Nobel laureate Chalfie to speak

Jan. 18, 2010 12:03 p.m.

Martin Chalfie, chair and professor of biological sciences at Columbia University, will discuss the work that earned him a share of the 2008 Nobel Prize in chemistry at 8 p.m. Thursday, Jan. 28, in McCosh 10.

The lecture is titled "Green Fluorescent Protein: Lighting Up Life." Chalfie shared the Nobel with former Princeton researcher Osamu Shimomura and Roger Tsien of the University of California-San Diego for their work with green fluorescent protein (GFP), a key tool of contemporary bioscience.

Chalfie was honored by the Nobel committee for demonstrating the value of GFP as a luminous genetic tag for various biological phenomena. GFP has become a fundamental tool in cell biology, developmental biology, genetics, neurobiology and the medical sciences. It has permitted scientists to study damaged cells in Alzheimer's disease, cancer and genetic disorders, and also has many applications in industry. Shimomura discovered the protein in jellyfish in his Princeton lab in 1961.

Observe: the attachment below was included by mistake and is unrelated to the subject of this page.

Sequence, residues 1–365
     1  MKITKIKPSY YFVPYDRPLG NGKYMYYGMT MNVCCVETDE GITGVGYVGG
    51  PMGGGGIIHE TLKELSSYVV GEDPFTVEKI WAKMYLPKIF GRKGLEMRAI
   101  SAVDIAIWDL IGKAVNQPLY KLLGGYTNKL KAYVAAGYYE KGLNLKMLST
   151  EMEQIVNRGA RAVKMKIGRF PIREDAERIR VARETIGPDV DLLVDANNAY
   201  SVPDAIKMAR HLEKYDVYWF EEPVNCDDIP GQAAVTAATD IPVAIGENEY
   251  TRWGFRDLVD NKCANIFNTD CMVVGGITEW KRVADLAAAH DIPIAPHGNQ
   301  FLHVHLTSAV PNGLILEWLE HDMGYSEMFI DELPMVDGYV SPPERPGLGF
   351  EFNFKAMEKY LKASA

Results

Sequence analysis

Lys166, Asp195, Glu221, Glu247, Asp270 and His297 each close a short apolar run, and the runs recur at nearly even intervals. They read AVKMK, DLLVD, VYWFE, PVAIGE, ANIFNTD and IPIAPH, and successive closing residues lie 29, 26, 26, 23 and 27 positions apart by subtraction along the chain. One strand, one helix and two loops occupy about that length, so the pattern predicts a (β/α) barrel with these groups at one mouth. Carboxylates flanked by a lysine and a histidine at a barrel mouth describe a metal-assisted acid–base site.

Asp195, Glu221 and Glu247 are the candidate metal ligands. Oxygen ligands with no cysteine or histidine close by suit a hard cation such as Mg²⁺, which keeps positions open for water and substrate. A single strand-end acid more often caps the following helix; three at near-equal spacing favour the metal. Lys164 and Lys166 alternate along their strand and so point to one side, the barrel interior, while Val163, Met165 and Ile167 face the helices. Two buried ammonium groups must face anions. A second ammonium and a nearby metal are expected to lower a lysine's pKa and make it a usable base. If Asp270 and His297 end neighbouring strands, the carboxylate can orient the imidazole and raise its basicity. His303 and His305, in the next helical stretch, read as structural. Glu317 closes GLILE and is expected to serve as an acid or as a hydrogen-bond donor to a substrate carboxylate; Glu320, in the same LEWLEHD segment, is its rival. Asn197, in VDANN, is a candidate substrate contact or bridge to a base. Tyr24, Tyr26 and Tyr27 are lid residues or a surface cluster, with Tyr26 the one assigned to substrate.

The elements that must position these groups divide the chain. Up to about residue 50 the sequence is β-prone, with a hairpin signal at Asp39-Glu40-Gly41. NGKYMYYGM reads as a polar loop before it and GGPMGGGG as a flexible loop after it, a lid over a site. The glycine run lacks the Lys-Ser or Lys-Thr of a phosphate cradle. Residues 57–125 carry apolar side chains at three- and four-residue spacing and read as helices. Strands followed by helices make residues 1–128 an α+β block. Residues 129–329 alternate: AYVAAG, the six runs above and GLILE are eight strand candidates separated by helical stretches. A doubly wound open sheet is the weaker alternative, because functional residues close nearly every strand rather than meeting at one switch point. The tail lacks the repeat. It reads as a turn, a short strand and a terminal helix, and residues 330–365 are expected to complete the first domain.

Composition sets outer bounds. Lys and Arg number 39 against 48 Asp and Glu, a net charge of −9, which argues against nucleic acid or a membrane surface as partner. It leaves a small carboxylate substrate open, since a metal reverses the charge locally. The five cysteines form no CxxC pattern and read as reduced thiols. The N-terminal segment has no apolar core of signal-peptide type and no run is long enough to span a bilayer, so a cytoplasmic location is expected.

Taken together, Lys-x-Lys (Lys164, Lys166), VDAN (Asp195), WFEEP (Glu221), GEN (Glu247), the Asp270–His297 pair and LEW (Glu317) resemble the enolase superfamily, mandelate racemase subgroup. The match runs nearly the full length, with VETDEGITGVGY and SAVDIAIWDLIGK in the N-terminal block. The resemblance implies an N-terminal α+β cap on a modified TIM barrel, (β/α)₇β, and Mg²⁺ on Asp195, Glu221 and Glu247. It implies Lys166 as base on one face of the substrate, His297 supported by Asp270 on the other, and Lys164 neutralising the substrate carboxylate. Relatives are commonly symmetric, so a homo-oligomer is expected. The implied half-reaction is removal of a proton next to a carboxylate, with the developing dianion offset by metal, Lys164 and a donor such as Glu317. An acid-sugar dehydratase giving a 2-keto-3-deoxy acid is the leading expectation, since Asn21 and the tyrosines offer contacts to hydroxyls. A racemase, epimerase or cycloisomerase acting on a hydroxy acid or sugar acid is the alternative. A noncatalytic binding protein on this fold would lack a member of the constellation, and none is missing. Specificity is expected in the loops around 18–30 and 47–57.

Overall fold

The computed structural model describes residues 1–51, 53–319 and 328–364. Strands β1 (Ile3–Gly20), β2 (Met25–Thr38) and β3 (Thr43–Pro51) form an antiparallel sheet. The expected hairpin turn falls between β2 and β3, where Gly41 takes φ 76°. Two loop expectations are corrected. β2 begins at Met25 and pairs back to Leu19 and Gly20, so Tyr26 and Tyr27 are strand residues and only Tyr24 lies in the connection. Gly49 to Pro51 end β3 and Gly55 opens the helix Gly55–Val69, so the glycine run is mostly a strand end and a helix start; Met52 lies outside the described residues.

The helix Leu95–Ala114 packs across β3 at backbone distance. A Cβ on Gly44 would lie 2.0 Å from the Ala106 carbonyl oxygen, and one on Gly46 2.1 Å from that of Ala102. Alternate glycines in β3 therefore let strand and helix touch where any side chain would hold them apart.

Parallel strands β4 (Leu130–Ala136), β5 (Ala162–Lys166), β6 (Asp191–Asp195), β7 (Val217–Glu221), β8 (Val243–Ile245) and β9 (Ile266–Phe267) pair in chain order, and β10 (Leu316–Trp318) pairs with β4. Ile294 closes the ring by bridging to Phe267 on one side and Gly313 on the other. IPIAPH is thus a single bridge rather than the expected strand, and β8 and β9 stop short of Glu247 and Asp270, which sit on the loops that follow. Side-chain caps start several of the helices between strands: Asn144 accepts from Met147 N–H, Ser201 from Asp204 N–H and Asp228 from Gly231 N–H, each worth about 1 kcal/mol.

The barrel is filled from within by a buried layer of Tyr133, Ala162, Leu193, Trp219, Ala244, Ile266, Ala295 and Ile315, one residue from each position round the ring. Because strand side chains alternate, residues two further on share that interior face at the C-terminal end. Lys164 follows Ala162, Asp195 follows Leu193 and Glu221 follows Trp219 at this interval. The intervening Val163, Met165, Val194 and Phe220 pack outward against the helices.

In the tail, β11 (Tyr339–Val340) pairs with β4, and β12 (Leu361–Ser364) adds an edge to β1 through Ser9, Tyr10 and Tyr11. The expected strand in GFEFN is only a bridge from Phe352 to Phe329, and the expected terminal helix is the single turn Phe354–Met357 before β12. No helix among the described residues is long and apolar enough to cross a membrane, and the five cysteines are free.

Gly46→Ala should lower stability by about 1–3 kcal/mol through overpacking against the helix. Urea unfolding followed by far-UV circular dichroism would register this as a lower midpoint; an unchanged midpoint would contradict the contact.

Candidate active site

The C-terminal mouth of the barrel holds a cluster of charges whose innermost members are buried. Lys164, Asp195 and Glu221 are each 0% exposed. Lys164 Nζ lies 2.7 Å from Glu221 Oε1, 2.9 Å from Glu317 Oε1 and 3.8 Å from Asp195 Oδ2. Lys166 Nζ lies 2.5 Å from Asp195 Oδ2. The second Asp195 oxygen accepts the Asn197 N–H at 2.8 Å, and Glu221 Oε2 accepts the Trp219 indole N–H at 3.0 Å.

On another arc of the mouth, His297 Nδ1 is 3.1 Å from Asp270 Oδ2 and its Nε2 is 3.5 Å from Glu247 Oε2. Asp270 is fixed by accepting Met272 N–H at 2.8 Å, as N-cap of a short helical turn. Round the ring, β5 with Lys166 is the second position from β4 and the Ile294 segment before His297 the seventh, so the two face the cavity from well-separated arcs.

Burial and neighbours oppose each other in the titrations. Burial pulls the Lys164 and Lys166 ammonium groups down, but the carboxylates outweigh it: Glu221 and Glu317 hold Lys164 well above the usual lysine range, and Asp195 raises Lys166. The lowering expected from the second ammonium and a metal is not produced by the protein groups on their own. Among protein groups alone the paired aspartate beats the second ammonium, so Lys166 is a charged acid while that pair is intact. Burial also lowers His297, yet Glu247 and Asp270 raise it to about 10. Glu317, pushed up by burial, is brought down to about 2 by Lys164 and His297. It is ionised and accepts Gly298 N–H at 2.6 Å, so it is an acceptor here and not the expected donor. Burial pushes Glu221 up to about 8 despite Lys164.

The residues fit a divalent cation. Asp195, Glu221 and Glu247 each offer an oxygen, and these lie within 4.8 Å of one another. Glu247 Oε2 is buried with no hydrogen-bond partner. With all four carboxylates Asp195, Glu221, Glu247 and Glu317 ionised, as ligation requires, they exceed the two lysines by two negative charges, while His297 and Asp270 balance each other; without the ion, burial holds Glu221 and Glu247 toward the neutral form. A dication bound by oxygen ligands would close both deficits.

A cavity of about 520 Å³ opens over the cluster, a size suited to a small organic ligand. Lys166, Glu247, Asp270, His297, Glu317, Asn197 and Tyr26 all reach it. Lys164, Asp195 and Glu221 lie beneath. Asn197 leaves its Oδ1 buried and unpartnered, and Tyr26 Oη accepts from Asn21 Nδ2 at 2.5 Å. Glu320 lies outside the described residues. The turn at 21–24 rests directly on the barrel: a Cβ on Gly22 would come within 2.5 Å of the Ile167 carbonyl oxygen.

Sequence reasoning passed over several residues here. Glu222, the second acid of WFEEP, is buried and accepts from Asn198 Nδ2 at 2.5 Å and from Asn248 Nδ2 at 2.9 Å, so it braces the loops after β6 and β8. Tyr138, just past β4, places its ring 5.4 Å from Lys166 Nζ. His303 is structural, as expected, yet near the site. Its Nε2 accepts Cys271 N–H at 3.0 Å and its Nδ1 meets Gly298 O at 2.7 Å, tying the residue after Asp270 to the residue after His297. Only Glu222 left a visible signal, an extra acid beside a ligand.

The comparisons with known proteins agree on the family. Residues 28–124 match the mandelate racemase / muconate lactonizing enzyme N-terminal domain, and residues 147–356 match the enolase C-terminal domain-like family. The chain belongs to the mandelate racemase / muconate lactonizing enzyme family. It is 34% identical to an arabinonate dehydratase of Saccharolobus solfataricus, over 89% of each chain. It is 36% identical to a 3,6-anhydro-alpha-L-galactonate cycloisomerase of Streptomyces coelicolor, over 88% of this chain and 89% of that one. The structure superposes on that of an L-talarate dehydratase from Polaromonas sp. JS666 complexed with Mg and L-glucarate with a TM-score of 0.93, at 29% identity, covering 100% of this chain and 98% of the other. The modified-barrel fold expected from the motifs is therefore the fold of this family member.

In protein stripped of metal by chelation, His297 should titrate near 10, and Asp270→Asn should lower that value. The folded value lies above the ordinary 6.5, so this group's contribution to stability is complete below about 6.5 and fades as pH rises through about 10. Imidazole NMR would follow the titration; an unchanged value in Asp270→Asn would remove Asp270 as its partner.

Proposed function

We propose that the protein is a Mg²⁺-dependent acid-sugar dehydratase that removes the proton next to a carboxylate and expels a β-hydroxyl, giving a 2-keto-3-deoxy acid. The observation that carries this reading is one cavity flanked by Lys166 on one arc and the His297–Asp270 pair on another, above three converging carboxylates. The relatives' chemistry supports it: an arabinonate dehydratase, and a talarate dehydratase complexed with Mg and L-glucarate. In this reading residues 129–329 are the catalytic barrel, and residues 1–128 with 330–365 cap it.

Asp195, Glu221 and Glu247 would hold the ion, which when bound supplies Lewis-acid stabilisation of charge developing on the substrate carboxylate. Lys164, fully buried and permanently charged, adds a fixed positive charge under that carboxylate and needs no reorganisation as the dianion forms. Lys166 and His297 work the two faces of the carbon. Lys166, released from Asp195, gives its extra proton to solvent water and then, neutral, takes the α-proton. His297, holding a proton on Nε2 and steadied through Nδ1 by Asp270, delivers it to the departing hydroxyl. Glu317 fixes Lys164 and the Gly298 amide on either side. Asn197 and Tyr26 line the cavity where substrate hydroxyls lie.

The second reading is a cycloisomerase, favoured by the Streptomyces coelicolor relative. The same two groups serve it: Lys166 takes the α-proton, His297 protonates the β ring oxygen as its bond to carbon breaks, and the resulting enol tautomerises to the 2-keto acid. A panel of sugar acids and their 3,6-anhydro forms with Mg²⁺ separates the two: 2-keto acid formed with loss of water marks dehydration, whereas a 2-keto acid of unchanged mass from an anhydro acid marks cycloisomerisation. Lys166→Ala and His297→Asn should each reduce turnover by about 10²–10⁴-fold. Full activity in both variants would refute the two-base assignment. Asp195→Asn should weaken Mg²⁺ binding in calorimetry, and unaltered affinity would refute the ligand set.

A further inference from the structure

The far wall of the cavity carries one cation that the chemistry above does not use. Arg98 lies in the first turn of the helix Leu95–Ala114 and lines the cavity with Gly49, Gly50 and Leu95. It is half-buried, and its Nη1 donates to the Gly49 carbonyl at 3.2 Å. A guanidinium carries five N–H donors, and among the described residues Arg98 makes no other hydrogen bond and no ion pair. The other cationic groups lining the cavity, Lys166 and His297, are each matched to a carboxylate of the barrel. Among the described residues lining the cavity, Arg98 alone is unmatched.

The talk is designated as a Louis Clark Vanuxem Lecture sponsored by the University Public Lecture Series.